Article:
The curries were extremely tasty – good generous portions with plenty of heat. The Kari ayam was noticeable for the dark & foreboding appearance. Just like that all pervasive cloak of evil from the Fifth Element, you got the impression it would coat & transform everything it touched into something indulgent and rich. The rice of course countered with its innocent purity.

Moving away from the eternal battle of good and evil, this is indeed a decent place for a casual bite to eat in the city. It’s easy to see why it’s popular as something a little bit different from the plethora of Thai places. The spicing is interesting, it’s got a buzz and it’s cheap at under $25 a head. A perfect midweek stop, when you’re counting the pennies.

Someone’s done their homework with this venture. It is a calculated offering and none the worse for it. Find a niche with a particular regional street food. Do it well and then roll out the concept.

Sailors Thai

August 19, 2009

106 George Street

Another meeting in town and another excuse to try another restaurant. Back in London, Nahm, run by David Thompson is regarded as one of the finest Thai restaurants in the UK. But it’s expensive; easily £100 a head. I’ve no problem paying that kind of money for French fine dining, but for some reason I won’t do the same for Thai, when ‘street food’ shows the cuisine at its best.

Arriving in Sydney it was pleasing to see David Thompson’s place relatively well priced and so removing any barrier to try it.

I visited the canteen (leaving the main restaurant for another time). As a lone diner seeing the long communal table gave me a feeling of dread. Where do you sit and how do others sit around you? Too much social awkwardness. However there are four tables on the balcony outside and I was able to get myself a spot in the sunshine.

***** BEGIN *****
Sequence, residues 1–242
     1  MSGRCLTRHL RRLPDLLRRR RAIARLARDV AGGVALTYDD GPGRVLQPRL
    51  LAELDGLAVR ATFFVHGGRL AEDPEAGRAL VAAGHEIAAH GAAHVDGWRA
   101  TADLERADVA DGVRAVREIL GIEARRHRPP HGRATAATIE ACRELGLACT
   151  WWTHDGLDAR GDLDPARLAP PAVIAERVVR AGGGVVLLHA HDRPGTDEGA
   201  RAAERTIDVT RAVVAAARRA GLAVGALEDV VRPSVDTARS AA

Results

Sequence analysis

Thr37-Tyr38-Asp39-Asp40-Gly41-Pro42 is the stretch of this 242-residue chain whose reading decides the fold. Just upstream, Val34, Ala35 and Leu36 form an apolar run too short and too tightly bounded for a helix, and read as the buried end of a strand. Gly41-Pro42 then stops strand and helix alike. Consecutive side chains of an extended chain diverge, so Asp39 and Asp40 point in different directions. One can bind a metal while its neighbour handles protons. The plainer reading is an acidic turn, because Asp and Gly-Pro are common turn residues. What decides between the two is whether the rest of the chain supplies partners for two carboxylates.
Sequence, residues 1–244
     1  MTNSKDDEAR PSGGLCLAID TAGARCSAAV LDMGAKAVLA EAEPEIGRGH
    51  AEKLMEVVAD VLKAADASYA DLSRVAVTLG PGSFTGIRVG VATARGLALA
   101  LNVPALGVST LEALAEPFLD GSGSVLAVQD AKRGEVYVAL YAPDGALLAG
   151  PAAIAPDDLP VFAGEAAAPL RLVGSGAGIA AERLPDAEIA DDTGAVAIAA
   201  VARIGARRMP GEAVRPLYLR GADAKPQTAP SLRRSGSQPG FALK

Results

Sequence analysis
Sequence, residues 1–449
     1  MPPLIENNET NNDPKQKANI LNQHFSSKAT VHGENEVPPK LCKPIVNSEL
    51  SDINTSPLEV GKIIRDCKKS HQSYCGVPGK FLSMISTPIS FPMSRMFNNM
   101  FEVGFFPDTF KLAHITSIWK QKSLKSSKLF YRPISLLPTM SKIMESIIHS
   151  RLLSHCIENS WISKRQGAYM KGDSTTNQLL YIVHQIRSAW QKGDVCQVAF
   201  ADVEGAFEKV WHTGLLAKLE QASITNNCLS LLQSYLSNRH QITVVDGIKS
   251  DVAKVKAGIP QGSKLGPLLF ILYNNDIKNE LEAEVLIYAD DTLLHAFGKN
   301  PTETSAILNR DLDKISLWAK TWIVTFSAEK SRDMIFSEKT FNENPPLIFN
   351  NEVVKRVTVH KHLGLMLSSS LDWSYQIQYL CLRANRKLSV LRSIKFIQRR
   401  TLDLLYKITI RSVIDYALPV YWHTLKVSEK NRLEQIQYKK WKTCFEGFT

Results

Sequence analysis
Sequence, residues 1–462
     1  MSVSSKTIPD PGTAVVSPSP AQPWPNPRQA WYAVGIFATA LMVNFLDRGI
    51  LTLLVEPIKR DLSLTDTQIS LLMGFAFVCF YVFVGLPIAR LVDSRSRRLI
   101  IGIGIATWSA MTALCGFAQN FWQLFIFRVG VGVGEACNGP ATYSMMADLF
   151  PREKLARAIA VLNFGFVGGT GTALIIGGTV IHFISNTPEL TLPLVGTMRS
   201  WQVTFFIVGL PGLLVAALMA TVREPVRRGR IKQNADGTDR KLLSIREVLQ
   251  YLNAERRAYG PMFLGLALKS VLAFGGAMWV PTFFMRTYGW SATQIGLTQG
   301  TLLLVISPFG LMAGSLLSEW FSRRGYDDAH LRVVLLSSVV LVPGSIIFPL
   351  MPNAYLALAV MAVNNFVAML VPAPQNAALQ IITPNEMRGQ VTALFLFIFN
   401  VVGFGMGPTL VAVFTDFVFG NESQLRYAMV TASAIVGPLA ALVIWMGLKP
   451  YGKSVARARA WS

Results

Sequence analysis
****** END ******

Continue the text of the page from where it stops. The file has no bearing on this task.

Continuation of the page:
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The service was genial and helpful. When the dishes are meant to be shared it was nice of the waiters to offer half portions to provide some variety. I guess it helped that I asked them to order for me (always a good way to get decent service & interesting dishes).

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I started with king prawn spring-rolls. These were also filled with glass noodles and accompanied with a nice sharp dipping sauce. These were actually a bit bland for spring-rolls. I expected a greater mix of flavours, but they were well cooked – the prawns were sweet & succulent with the pastry not too oily. A good balance.

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Next up was a half dish of crisp salty pork belly with hot & sour sauce. The texture & consistency of this pork was even better than Spice I Am. Lots of knobbly crunchiness, a bit a fattiness and unctuous meat. The sauce was rich & spicy which was fine at the beginning, but got a little cloying as the dish went on, desperately needing rice to even the taste out. But it wasn’t going to detract from the pork.

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A good-ol chicken & potato yellow curry was up next – Sweet, spicy with a good hit of turmeric. The potato was fall-apart soft and made for a thicker & smoother curry. It was a fine example and the accompanying chili, cucumber & onions added a little bit more taste & texture.

So, this was a pretty enjoyable lunch. Unfortunately I didn’t get to try the green papaya salad, but there’s plenty to like. I would put it on a par with Spice I Am, but that is also cheaper with no discernible difference in quality. So I know what I’d choose.


Chelsea Tea House

August 16, 2009

48 Old Barrenjoey Road, Avalon

A beautiful winters day in Sydney. There was no excuse for staying in. The lure of a good breakfast prevented a lie-in. So on the way to Palm Beach we stopped into Chelsea Tea House in Avalon and had one of the best breakfasts I’ve had for a quite a while.

A novel take on the ‘full english’, called The Local. (The veggie option was called Bad Hunter.) It was a thing of beauty.

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Worthy of a photo. The homemade beans were the standout. The eggs were delightfully orange. It rocked.

So, if you’re in the area, check it out.

The Beresford

August 16, 2009

354 Bourke St., Darlinghurst